If anything, I sense that the widespread publicity the theft situation has received in the past week or so is only going to attract MORE thieves to the area, and more "plundering".

So... ultimately... UP must realize that the police and local government(s) will do nothing to help them. They must "help themselves".

As I suggested in an earlier post, the short-term solution will be to "restrict access" to the tracks, to make it difficult to get in, and more difficult to cart stolen merchandise out. Wall off the entire railroad if need be.

A longer-term solution will have to deal with new ways to "secure" containers once they're loaded onto the well cars.

What's needed is some kind of massive "physical block" that prevents the doors from being opened on loaded cars (even if there are no "locks" on the door handles, which can be cut). Something too large to be removed by one, two, or even three persons, but can be easily installed/removed at container terminals.

I'm thinking of a "band" that runs the entire length/width of the container. Just long enough to "fit", so that when in place the doors on either end can't be opened. It will need a couple of "cross pieces" (almost like inverted "U's") so that it can be set down on the upper container, and will rest in place by virtue of its own weight, but of course too heavy to lift or pry off. Think of a rectangular "french fry" basket, made of steel, upside-down, lowered over the top of the container.

This assumes the lower container will be "locked in the well" -- doors can't be opened because the well walls on either end prevent it.

Again, the only way the railroad company is going to win this one is to take action on their own. The city governments and "the law" in California are no longer on their side, and probably won't be again.
 

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Shoot them on site better.
Look at all the scum raiding stores, shoot them on site too!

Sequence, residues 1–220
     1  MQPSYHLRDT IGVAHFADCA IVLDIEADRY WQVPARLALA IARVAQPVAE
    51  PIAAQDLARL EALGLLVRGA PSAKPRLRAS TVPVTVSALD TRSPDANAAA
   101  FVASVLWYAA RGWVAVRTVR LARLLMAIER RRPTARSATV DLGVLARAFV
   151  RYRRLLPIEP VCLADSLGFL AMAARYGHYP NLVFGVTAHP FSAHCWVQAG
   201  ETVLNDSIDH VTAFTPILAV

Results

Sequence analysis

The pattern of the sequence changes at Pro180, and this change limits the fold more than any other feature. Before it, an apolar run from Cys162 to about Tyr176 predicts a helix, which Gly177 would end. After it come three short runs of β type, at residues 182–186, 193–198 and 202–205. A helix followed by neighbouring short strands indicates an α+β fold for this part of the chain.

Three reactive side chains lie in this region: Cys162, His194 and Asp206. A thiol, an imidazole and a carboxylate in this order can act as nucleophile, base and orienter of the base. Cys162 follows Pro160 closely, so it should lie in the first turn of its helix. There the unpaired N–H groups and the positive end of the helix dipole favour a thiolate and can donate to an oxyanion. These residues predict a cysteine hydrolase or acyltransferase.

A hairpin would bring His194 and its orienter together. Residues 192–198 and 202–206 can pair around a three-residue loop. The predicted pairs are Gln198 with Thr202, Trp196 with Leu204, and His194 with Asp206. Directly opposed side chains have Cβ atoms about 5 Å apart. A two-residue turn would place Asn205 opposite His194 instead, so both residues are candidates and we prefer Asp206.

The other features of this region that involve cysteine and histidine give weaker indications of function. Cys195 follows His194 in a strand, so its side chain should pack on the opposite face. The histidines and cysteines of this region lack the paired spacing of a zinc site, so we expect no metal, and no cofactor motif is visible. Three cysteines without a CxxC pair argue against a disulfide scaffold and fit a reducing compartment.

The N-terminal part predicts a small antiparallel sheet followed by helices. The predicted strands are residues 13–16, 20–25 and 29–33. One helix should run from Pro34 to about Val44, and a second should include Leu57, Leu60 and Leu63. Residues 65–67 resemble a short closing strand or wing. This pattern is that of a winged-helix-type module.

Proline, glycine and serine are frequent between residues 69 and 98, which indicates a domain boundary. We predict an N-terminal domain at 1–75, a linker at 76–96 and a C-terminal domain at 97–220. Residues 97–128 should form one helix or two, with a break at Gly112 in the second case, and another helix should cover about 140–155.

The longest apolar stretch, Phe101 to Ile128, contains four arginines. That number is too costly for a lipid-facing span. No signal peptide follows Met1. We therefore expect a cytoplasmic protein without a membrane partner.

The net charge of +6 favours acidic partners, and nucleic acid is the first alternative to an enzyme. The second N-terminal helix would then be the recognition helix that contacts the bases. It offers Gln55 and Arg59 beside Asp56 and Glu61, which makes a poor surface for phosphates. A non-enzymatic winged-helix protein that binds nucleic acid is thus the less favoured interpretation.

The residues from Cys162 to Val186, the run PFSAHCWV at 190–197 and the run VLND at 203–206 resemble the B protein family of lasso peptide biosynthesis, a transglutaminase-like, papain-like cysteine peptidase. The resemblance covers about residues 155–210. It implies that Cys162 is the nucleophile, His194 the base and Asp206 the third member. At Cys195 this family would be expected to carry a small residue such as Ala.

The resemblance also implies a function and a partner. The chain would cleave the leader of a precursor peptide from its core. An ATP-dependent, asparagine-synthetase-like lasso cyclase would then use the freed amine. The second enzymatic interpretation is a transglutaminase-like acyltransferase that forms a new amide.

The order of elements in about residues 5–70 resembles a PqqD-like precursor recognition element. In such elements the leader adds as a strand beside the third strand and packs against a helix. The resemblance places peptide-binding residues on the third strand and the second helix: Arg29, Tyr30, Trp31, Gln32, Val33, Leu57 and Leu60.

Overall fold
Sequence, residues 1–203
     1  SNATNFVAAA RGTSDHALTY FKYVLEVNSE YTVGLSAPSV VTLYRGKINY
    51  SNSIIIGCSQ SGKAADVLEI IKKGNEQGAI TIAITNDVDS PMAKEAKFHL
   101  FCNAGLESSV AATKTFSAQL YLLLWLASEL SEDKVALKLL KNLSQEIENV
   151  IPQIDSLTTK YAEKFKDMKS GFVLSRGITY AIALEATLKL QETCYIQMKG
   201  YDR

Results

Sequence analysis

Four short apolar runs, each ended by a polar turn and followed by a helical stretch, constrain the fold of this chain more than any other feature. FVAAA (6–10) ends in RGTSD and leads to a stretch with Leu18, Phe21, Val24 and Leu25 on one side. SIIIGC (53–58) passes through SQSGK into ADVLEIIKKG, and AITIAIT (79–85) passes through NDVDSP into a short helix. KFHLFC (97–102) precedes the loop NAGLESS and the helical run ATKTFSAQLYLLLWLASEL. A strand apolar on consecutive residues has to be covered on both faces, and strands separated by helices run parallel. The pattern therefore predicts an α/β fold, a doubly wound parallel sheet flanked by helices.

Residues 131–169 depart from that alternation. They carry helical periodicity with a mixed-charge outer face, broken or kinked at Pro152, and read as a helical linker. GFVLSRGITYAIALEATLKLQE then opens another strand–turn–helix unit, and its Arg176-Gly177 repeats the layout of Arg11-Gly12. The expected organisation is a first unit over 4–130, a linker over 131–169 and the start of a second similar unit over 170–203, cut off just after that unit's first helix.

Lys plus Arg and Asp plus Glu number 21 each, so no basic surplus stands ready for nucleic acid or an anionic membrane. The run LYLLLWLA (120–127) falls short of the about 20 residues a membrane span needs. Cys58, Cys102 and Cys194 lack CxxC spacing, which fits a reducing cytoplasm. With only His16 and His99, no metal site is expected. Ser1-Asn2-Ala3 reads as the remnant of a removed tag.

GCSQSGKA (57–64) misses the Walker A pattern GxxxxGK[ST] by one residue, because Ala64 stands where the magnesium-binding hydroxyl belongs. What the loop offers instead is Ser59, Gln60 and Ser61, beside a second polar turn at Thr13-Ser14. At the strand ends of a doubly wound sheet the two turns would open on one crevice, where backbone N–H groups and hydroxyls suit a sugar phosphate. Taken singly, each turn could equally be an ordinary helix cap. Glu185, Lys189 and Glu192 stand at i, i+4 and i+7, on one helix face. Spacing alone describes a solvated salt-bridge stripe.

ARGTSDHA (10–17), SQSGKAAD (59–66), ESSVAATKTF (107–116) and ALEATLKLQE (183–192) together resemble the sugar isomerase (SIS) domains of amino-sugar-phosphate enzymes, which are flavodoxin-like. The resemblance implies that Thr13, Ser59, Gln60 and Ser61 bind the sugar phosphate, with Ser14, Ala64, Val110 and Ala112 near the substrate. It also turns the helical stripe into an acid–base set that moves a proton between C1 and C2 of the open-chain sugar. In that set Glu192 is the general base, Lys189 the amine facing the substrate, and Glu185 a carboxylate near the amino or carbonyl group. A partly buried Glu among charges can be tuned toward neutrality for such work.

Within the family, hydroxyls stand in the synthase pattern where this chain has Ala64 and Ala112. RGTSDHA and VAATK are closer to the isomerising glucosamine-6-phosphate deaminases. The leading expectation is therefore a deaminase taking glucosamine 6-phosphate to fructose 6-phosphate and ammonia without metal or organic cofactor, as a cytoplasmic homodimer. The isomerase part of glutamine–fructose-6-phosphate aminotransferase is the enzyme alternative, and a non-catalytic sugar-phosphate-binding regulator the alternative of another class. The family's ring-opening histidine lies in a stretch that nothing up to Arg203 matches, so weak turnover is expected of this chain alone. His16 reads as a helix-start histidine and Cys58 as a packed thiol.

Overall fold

All of them, end of problem.
Laws s uck, so does the judicial system, the government s ucks, the same for California.
 
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Discussion Starter · #14 ·
No, I don't think they will. But I bet it'd help if they did.
 
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Discussion Starter · #16 ·
WARNING!! This post is politically leaning!! But it does tell it like it is.

 

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Discussion Starter · #19 ·
Right, left or in between, it just seems like drive-by-journalism to me. The first “sentence isn’t even a sentence. The rest is just thrown together.
Bob, I somewhat disagree. You're right about the first sentence. But then the author goes on to tell who, what, where and when. The writer, I think, explains the why...that's where the politics come in.
 

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Is there any real incentive for the railroad to restrict access to the tracks if they are not responsible for the contents of the containers going from point A to point B? It seems to me that the owners of the products being shipped, or their insurance companies, are the ones who will have to make good for the losses. If I order something on line and it never gets to me the seller has to re-send it or refund my money. If the same principle applies, why would the railroad spend money on security for something that doesn't affect their bottom line? Just asking. .